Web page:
I am sad that we have lost John McCain, one of the last few politicians of a tribe, which believes in respectful statesmanship across the political aisle in Washington D.C., where partisan politics seems to be the norm these days.
And yes, I am sad that we have lost perhaps the last GOP senator, who at least had the courage to “tell” Donald Trump that he wasn’t afraid of standing up to his bullying.
John McCain has been hailed as a “war hero” by pretty much every one in the country.
Ok. One notable exception. But Donald Trump not calling McCain a war hero is for a totally different reason and a nonsensically petty personal one too.
Wars and Heroes.
I am not too naive to ignore the central role war plays in the American conscience. But I will never be able to understand the collective American sentiment around war in 2018, in spite of knowing fully well and being able to completely appreciate and be humbled by American history, which shows that America as we know it now, came into being through war.
War occupies a unique place in the American society. Unique place because it is celebrated with so much national pride, all the while, people acknowledging the tragedy, hellishness and evil that come with war. Unlike most other countries, Americans love war as an essential evil. This generally explains the mass sentimental reactions of Americans from all sides of the political spectrum, when we lose a “war hero”, and the way such news generates a similar chemical reaction inside most of us whose emotions get influenced by those of people around us, at tragic times like these.
As streams of encomia extolling John McCain and his virtues as a “war hero”, as an “America hero”, etc. surround as, as political leaders from across the spectrum and from other countries send their eulogies lavishly praising McCain for his independence, courage, and patriotism, John McCain’s family must prepare for the senator’s last journey. One we are told will have eulogies from Barack Obama and George W. Bush, two of his Presidental campaign opponents, who went onto beat him eventually in the general elections and primaries, respectively.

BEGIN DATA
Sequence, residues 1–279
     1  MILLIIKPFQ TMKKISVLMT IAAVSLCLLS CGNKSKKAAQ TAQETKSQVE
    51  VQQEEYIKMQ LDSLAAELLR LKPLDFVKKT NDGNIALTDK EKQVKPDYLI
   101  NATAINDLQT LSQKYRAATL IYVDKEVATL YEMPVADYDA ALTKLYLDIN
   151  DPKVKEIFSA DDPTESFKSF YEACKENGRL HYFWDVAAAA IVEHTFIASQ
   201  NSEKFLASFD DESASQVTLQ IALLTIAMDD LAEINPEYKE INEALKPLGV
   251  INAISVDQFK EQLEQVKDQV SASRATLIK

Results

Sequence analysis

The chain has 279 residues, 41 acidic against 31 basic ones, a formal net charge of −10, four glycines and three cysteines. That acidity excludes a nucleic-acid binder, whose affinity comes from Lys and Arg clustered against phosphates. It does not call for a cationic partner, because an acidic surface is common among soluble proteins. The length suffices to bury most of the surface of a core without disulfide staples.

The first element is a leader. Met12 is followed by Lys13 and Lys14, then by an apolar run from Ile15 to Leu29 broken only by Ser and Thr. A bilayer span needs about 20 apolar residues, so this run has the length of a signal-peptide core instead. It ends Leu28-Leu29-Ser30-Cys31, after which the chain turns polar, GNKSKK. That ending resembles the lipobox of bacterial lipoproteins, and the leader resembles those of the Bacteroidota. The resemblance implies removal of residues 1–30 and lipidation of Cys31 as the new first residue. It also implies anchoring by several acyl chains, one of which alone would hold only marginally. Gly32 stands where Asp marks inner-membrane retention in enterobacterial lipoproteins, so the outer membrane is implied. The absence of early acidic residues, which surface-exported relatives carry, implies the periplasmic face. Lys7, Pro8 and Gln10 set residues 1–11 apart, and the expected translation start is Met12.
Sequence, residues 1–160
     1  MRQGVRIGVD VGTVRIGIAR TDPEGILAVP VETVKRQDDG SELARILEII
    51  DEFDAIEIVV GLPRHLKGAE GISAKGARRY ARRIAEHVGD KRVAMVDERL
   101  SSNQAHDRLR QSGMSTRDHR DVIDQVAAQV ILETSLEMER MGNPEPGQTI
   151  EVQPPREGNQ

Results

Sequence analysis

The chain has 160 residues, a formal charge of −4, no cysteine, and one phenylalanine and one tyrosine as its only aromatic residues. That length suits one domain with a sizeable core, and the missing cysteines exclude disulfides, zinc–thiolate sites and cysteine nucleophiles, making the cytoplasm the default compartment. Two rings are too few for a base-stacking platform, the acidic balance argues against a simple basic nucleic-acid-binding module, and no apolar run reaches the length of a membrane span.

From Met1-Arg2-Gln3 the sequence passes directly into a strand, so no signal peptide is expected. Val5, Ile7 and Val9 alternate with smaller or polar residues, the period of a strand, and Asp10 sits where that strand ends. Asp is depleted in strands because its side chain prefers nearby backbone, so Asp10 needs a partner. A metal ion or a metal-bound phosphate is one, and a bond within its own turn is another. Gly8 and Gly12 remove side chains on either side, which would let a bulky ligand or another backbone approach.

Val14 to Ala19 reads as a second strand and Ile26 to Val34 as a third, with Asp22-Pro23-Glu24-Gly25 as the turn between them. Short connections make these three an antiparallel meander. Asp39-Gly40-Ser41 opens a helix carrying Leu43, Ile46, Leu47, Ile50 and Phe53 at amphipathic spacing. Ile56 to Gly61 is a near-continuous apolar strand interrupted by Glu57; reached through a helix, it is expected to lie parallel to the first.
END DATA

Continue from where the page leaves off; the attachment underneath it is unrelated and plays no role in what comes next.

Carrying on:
A “War Hero”. A “American Hero”. A “True American Patriot”.
What exactly makes one earn any of the above titles? I do not want to indulge my urge to analyze the above in this post, but instead I would just leave this as a thought, if you are ready to freeze your war fetish for a moment or two.
How can one be a war hero when one gets to kill thousands and thousands of innocent civilians??
And what makes anyone else less of an “American Patriot” or less of an “American Hero”??
Difficult questions to answer. Aren’t they? Especially if you have to take a neutral position, not yield to the temptatin of using our own coinage of this euphemisim called “collateral damage”, and then try to justify the above labels??
McCain’s experiences as a POW, no doubt bring chills to me, when I read about them. The torture, the pain, and his refusal for an early release — they all highlight the brave man he was. And more importantly, it also highlights how intellectually sharp he was even under distress.
Since the day he entered politics, McCain seemed to have found the right balance between statesmanship, words, and knowing how to deal with the press. He positioned himself as a “noble outsider” and that worked for him. He had the right sound-bites for the right moment with very little deeds to follow up. Not many politicians could have claimed to have been in McCain’s position for over three decades, get away with the kind of gaffes & issues like he did, and still be loved by majority of the media, public & majority of politicians from both the parties. Was it all simply because of his “war hero” and POW status? No doubt, he was always the courageous war hero who put his country above politics. But there was something more to him that gave him the unique position as a politician, of not being overly scrutinized and not being judged when his actions didn’t mach his words, the kind of stuff that is bestowed upon to only a very few politicians in Washington D.C.